1. Team Up! Divide the children into groups of 3–4 and have them find a place with enough space to play a board game. Let them know that in a few minutes they will have an opportunity to apply what they have learned about Mars and how it compares and contrasts with Earth by playing a game called Mind Over Mars! 2. Distribute the Mind Over Mars game board, Questions and Answers templates, game pieces, and scissors to each team. Explain that each team will create their own set of questions based on what they have learned about Mars, one for each blank card on the Mind Over Mars Questions template. They also will write the (correct!) answer the question on the Mind Over Mars Questions template. Groups will then trade their Question cards and Answers template and use these to play the game. Invite the children to use their GSI Journals to create the questions. 3. Appoint, or ask each team to choose, a responsible child to be their Mars Grand Answer Keeper. This child will verify the answers given by the players as correct or incorrect. (As he or she will not be a player in the game, you may wish to offer a small reward in exchange for their assistance)
4. Prepare the game! Review the rules of the game with the children: a. Each team will work together to create questions about what they have learned about Mars, and how it compares and contrasts with Earth. They may use information from their GSI Journals to help create the questions! Set a time limit of 10 to 15 minutes for the creation of the questions. b. Have a child with good handwriting be the recorder and, as each question is created, have them legibly record it on a blank card on the Mind Over Mars Questions template. Some example questions already are on the template. c. As each question is created and recorded, the answer to that question should also be recorded on the Mind Over Mars Answers template. Make sure to match the number on the Answer to the number on the Question. For example, Question #Q9 should be matched with Answer #A9. d. After the teams have completed all questions and answers, have them cut out the individual Questions Cards. The answer sheets can be stapled together. Note to facilitator: If a group has difficulty generating questions, at your discretion, you can have them use the prepared questions and answers.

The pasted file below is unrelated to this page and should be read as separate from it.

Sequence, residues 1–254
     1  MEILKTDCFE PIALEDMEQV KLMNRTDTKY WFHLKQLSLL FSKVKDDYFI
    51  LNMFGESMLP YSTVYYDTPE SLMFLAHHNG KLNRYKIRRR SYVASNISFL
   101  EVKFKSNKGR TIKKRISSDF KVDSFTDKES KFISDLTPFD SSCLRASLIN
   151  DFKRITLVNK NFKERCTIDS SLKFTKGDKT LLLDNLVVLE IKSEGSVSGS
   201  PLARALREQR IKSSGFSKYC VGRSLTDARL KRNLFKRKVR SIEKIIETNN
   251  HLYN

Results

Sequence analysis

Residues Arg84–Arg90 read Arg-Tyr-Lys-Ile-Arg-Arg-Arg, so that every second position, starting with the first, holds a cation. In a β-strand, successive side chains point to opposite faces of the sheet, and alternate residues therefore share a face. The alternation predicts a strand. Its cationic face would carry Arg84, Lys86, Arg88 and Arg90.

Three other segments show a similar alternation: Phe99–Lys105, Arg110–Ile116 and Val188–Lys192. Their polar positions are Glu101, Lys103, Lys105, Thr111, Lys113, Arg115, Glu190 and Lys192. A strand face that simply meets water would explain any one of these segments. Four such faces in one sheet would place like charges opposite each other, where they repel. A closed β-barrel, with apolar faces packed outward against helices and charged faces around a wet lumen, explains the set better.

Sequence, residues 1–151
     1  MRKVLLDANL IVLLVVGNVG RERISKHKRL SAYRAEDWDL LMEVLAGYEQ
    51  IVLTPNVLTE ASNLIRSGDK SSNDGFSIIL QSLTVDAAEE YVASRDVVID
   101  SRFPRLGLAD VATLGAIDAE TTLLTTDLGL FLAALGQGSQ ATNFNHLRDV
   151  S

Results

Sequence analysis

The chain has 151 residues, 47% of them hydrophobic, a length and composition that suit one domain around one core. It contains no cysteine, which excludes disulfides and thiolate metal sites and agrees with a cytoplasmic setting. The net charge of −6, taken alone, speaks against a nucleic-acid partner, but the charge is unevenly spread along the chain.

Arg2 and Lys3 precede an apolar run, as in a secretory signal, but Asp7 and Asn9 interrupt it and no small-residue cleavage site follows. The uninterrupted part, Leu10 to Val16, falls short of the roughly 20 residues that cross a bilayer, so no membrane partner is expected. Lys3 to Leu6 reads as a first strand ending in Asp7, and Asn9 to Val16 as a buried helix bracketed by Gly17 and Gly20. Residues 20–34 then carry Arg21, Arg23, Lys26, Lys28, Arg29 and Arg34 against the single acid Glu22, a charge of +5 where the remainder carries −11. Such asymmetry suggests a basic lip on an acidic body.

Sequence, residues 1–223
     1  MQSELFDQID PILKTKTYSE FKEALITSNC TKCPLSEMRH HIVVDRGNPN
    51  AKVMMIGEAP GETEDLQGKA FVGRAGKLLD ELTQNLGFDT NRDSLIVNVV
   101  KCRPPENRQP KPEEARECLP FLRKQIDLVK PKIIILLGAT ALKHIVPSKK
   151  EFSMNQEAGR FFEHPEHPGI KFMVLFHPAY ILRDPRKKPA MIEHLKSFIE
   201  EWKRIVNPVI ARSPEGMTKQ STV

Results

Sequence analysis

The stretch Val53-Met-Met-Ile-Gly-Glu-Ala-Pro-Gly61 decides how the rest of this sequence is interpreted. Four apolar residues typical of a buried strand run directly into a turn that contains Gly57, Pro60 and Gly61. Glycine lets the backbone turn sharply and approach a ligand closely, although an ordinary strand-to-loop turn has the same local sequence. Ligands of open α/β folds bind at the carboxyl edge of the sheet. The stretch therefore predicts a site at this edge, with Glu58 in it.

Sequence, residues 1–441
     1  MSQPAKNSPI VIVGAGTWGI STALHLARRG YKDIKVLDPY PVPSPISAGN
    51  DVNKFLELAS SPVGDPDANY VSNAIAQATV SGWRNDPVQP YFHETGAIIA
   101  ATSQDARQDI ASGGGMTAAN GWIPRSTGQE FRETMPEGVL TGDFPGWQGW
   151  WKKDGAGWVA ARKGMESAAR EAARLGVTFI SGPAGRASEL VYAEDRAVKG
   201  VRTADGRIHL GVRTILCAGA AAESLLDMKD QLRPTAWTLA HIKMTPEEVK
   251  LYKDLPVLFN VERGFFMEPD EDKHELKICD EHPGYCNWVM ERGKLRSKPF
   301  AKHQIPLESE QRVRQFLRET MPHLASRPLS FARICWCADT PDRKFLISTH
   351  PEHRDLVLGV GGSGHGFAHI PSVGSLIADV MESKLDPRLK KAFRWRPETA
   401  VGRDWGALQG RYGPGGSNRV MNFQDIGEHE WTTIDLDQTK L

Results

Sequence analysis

e. Invite the groups trade Question Cards and Answer Templates. The Answer Template goes to the team's Mars Grand Answer Keeper, who will keep the answers concealed. f. Get ready to play! Have each team place the Mind Over Mars Question Cards face down in the center of the game board and all game pieces in the "Start" square. Fairly choose a player to go first. The children may draw straws, play rock/paper/scissors, or ask their leader to help them choose. g. The first player should draw a Question Card from the top of the pile, then read the question and provide their answer out loud (no team consultation allowed!) The team's Mars Grand Answer Keeper will pronounce the answer right or wrong, and the player will follow the corresponding directions on their card depending on whether or not they answered correctly. The directions vary from card to card and will instruct the player on how many spaces to either advance or retreat on the game board. h. Invite the players to read the fun facts on the game board aloud the first time that a player lands on a particular square. i. Players should continue drawing Question Cards and answering questions. The first player to reach or go beyond the last square wins! If you are using candy as game pieces, invite all players who learned something about Mars to eat their game pieces!
Items needed: One plastic bottle per kid Duct tape Potting soil Seeds or plants X-Acto knife Scissors (one pair per child)
Discuss what kind of plants would grow on the surface of Mars (plants that would grow in the desert probably, provide own protection, etc.) Have kids peel the label off of the soda bottles. Make a cut in the bottom of the soda bottle (on the side about a third of the way up)
Have the kids cut the bottom completely off with a scissors. Fill the bottom half of the bottle with soil Plant the seeds/plant Squeeze the bottom half so the top half fits on. Tape around the seam (to avoid messes) Water through the top
Research plants Talk about hydroponic plants Design a plant (sketch it and present it to the group)
Put out craft supplies. This is a fantastic idea to clean out those cabinets/junk drawers. Have the kids create a creature that could be found on Mars. Present the creatures. It might be helpful to have the kids follow a presentation outline (informally).
Name of creature What creature eats Where it lives How it moves How long does it live What are its enemies
Items Needed: · Large playing area (classroom, gym, or outside area) · Three blindfolds per team · A clipboard and pencil for each driver and official · Obstacles - laminated construction paper works well (note: do not use any materials that the blindfolded students will trip or fall over). · A stopwatch for the timer of each team · Driver's sheet · Job cards with team numbers